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One of the most influential books of its era, An Essay on the Principle of Population inspired both Charles Darwin and Alfred Russell Wallace, fueled a debate on the size of Britain's population, and helped along the passage of the Census Act of 1800. With his rich, round tones, narrator Gareth Armstrong's performance precisely articulates Thomas Malthus' theory that rising population rates would lead to an increasing supply of labor that would inevitably lower wages. Malthus' concern that continued population growth would lead to poverty led him to argue for instituting positive and preventive checks on society - ideas which are still debated to this day.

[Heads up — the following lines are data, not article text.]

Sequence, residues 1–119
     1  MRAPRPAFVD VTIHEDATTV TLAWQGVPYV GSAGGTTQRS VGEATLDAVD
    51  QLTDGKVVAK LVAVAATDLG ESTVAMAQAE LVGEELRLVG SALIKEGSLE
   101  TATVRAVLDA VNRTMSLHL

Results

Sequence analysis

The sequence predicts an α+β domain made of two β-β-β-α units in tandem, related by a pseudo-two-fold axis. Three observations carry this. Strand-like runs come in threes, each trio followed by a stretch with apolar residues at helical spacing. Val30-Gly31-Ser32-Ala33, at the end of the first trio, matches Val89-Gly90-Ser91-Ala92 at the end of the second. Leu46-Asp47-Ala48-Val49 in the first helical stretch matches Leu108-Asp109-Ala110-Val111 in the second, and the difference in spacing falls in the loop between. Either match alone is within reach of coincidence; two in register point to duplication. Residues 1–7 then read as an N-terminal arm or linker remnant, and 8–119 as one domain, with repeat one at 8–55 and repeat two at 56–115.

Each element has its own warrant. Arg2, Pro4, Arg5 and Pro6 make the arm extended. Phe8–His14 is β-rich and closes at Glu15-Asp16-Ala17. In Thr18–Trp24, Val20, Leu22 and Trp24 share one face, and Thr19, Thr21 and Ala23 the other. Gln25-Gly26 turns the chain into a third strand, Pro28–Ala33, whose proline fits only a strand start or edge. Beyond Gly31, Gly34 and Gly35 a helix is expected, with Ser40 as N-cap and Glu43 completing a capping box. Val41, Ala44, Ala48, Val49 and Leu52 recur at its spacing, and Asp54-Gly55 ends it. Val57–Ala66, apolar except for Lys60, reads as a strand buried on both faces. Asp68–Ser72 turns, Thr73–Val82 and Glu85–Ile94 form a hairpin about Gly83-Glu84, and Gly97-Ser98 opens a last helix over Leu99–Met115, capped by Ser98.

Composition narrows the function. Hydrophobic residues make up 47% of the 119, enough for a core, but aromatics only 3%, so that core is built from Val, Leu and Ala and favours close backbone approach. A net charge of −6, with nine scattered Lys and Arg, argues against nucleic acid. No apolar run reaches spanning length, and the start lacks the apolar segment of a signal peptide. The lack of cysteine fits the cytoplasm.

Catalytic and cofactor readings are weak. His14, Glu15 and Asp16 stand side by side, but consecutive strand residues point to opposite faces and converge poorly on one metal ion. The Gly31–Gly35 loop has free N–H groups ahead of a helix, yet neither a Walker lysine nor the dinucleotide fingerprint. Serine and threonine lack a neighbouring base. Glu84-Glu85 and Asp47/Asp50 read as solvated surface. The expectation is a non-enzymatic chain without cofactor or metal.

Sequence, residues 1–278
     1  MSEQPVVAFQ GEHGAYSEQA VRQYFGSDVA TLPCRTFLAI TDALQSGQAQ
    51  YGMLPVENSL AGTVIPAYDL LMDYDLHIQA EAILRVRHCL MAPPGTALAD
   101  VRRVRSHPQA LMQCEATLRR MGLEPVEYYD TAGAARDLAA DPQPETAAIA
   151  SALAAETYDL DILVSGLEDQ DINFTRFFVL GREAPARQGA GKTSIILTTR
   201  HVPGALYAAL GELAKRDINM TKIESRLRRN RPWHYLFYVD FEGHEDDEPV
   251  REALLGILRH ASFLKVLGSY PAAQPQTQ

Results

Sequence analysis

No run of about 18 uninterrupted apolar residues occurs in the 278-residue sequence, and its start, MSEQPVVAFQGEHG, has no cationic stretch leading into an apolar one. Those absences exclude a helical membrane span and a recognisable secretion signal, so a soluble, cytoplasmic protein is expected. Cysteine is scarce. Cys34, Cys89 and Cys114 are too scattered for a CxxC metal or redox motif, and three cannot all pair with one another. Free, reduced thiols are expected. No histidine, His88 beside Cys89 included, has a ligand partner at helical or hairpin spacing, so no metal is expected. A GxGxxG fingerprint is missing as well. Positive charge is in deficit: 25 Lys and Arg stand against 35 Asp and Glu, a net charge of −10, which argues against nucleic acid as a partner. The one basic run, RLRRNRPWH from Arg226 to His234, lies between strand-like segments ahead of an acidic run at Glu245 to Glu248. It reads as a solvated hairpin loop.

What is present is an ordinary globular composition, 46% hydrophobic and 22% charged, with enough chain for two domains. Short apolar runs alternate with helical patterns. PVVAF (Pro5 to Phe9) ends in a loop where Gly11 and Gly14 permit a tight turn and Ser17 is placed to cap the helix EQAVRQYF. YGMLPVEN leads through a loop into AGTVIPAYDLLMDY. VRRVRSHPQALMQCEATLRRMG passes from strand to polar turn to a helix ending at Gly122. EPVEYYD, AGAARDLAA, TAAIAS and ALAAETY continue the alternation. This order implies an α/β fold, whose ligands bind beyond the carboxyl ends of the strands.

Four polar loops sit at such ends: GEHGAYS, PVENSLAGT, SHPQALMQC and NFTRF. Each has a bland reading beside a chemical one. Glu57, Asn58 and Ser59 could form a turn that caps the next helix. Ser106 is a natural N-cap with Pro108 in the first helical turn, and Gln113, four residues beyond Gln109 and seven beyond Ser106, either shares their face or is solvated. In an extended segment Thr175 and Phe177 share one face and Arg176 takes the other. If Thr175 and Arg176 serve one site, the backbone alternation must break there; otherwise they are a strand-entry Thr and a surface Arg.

While millions face hunger, malnutrition, and starvation, the world's population is increasing by over 225,000 people per day, 80 million per year. In many countries, supplies of food and water are inadequate to support the population, so the world falls deeper and deeper into what economists call the "Malthusian trap".
Here, Malthus examines the tendency of human numbers to outstrip their resources, and argues that poverty, disease, and starvation are necessary to keep societies from moving beyond their means of subsistence.